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Supreme Court Ruling Strengthens LGBTQ Protections

On Behalf of | Jul 15, 2020 | Firm News |

So much has happened this year that it is easy to overlook major news stories. But a United States Supreme Court ruling from mid-June should not be overlooked. In a 6-3 decision, the Court held that LGBTQ employees are protected against employment discrimination by the 1964 Civil Rights Act – specially the provision banning discrimination based on sex.

Ohio already bans discrimination based on sexual orientation, but we are among approximately half the states that offer any protections to the LGBTQ community. Moreover, the SCOTUS ruling also protects transgender individuals, a group that faces high amounts of discrimination and has been either left out of specific legal protections or not explicitly mentioned.

Like the same-sex marriage ruling in 2015, the Court’s decision is a major step forward for the cause of LGBTQ civil rights in America.

What Congress Did or Didn’t Intend

One question that the Supreme Court must constantly wrestle with when examining any given law is what the congress that passed the law intended to include/exclude or achieve. Some have argued that the congress which passed the Civil Rights Act of 1964 almost certainly did not intend to include the LGBTQ community when banning discrimination based on sex. Based on historical evidence, that conclusion is likely true.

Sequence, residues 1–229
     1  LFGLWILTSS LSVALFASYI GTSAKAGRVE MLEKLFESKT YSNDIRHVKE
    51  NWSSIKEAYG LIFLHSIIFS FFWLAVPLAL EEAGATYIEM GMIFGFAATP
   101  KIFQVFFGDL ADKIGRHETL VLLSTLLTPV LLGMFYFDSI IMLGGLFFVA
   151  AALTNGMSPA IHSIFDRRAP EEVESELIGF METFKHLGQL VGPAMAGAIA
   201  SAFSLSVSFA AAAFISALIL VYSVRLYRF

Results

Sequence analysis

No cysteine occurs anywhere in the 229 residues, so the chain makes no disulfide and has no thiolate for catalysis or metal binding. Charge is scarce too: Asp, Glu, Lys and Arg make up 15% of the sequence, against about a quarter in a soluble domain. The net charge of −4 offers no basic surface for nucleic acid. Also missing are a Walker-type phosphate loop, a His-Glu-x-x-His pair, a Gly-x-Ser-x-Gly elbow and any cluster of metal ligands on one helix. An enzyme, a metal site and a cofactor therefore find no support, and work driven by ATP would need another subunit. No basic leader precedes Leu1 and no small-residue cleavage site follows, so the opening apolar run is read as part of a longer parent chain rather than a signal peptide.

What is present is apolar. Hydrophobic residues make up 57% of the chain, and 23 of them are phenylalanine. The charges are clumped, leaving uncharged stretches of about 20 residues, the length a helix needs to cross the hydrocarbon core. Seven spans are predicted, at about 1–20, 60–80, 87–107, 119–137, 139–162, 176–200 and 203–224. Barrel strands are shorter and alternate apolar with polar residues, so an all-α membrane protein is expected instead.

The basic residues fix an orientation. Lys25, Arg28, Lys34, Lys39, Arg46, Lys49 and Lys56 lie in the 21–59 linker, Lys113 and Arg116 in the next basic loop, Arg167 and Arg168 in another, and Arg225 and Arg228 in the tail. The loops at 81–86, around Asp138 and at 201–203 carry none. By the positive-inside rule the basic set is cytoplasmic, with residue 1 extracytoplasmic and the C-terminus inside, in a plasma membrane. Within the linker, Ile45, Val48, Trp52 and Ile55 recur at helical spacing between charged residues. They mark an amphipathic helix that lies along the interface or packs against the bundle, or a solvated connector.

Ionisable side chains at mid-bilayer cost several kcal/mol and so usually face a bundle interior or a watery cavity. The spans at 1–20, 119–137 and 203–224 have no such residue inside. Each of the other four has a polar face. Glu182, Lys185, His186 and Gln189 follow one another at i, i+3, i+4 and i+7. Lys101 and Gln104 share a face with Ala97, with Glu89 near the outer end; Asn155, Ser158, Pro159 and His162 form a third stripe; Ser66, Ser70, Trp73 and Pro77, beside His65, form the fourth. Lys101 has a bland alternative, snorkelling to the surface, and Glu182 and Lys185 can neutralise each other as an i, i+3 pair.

But should that stop us from including the LGBTQ community now? Consider the following example as argument for updating values. The Declaration of Independence states unequivocally: “We hold these truths to be self-evident, that all men are created equal.” But anyone who knows even a tiny amount of American history understands that this didn’t apply to black people. Many of the very founding fathers who wrote the document owned slaves.

Granted, the Declaration of Independence isn’t legislation. But would any reasonable person argue that we should interpret that famous sentence today as the founding fathers did? The answer is a resounding no.

Not much may change in Ohio as a result of the SCOTUS decision – because we have already adopted a reasonably progressive and inclusive stance on LGBTQ rights. But the ruling will strengthen protections nationwide and will hopefully make it easier for LGBTQ employees everywhere to speak up and assert their rights in the face of employment discrimination.